Settling on something to write about for this issue wasn’t easy. In the past couple of months we have had the surprise of the sugar tax, a worrying first assessment of UK food crime and a fascinating insight into what consumers want our food industry to look like.
It was interesting that the Food Standards Agency, in publishing the latter, included this quote from one of the consumers they questioned for up to a day at a time: “The government needs to start taxing companies that use sugar and E-numbers … If they do nothing else I’d like them to do that. Make it harder to be unhealthy.”
Pushing through a sugar tax won’t be easy, but as the chancellor has since confirmed, there is no going back now. “It’s the way it’s going to be,” George Osborne said after reports that the big drinks companies would launch a legal challenge to the levy.
To my mind, the drinks companies should suck it up. They have spent the last 12 months or so pushing the message that they are spending big on marketing their diet and sugar-free ranges, and sales are booming. If so, then what’s the big problem?
Having said that, I wonder whether a face-off is much-needed. For one, it’s clear from the FSA’s extensive research that consumers don’t really trust the food industry (corporate control of our food supplies is a major concern). But they also want government to step in and do more.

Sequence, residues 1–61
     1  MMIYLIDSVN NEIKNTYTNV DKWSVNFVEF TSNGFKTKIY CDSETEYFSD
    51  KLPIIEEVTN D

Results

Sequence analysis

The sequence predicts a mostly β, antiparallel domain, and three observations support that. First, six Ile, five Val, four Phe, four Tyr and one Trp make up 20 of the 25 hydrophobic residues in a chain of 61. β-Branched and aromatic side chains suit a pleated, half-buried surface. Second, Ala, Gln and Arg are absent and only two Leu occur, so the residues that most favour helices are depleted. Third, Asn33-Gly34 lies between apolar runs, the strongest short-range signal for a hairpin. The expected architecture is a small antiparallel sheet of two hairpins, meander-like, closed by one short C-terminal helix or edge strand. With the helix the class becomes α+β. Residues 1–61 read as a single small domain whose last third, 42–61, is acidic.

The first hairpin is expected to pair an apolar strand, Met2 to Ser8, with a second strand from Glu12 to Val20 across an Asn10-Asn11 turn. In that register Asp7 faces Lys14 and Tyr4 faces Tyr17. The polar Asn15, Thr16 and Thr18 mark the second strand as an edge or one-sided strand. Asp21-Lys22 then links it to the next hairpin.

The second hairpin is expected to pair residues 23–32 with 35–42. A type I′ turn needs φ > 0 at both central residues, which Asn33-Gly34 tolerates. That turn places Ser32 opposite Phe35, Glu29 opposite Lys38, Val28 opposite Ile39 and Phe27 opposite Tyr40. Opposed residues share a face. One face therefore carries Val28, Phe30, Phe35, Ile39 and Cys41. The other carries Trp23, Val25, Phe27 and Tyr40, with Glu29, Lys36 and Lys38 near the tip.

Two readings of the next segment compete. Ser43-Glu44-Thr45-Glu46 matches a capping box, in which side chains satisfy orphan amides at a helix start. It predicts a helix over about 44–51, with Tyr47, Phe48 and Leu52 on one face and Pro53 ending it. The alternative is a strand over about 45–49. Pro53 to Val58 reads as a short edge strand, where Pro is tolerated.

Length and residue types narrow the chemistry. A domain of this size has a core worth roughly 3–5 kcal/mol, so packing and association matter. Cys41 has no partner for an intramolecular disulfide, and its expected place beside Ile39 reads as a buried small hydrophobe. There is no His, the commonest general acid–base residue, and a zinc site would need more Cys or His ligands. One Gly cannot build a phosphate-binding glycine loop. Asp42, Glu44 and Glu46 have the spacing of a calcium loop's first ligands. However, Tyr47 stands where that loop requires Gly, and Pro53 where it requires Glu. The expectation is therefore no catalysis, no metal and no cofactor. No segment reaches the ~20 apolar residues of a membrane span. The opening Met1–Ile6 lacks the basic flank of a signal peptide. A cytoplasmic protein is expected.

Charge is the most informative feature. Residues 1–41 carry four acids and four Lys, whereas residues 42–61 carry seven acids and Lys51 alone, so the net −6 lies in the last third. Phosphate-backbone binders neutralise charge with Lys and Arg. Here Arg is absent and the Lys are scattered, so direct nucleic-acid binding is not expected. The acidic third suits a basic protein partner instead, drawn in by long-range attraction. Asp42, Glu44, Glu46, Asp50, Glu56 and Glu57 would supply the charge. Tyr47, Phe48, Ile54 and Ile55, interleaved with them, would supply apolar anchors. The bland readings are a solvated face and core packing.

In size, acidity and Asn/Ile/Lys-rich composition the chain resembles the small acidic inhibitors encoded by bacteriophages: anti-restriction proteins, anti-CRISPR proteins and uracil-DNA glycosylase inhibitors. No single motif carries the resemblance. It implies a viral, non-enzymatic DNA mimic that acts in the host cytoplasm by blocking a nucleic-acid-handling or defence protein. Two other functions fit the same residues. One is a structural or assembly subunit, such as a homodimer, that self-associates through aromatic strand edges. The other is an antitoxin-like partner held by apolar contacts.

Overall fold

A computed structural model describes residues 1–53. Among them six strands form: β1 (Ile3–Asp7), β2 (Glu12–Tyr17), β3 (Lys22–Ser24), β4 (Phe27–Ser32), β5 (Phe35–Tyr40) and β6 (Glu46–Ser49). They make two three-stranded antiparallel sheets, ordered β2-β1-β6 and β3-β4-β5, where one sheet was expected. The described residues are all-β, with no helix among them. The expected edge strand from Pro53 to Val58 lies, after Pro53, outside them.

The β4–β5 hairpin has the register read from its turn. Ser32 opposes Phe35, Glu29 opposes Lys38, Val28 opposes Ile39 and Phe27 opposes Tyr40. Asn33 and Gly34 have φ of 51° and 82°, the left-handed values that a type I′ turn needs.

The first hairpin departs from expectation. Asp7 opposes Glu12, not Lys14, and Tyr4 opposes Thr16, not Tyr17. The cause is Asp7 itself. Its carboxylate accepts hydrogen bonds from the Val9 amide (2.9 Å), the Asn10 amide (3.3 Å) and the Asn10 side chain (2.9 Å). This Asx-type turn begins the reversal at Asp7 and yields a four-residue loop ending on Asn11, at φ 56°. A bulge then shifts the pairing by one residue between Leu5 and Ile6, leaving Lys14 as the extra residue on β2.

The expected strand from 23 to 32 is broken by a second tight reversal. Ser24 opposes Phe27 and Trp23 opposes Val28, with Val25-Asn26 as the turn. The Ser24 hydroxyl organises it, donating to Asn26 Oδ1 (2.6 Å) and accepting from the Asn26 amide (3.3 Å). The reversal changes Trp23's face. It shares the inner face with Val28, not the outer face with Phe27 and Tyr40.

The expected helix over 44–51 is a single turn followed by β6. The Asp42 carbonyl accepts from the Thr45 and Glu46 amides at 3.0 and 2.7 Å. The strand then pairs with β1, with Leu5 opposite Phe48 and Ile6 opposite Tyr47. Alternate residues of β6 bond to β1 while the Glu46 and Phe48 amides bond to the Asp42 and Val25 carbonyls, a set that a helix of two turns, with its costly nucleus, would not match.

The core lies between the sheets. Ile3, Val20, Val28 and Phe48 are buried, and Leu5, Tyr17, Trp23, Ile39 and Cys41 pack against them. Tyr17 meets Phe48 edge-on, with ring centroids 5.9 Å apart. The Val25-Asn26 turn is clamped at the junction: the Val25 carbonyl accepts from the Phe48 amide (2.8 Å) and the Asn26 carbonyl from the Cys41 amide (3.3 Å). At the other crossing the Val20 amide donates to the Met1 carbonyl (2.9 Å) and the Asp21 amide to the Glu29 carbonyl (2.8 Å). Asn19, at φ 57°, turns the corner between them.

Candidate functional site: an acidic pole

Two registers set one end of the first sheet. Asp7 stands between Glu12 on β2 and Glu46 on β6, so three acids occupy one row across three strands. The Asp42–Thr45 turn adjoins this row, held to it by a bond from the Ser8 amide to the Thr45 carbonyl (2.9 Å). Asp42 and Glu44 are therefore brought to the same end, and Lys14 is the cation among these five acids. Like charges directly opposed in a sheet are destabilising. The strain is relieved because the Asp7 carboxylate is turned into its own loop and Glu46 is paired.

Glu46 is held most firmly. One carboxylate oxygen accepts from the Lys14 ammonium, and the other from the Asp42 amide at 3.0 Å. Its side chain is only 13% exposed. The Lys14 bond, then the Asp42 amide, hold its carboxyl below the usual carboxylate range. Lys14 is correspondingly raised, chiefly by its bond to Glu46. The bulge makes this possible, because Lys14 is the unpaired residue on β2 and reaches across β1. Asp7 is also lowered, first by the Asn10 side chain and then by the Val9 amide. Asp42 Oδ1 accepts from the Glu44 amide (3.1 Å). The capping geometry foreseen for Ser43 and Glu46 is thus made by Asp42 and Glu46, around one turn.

Osborne has done just that. Perhaps Liz Truss at DEFRA will follow his lead? She said the promises made to the food industry won the election for her party. However, the Conservative manifesto presents the economics of food, with little or no thought for the environmental impacts and implications.
The 25-Year Food and Farming Plan, as we discuss in this issue’s Political Print, is likely to head down the same path. Some of the leading experts in this field don’t think it’ll be worth the paper it’s written on within five years.
“Competitiveness is fine, it’s the language business likes but it’s not the language that improves public health,” said Professor Tim Lang recently. Neither is it the one that will curb carbon emissions, as researchers at Oxford University recently claimed.
The enormous size of the change to the food system that the evidence says is needed is “not a tweak here or there”, as Lang put it. Is a sugar tax just the first tweak in a new approach to food policy? Could a carbon tax now be a serious consideration? Or perhaps tougher regulation on food waste? Perhaps the government will define sustainable diets? If that happens, then I really might have to pinch myself.
David Burrows is editor of Footprint magazine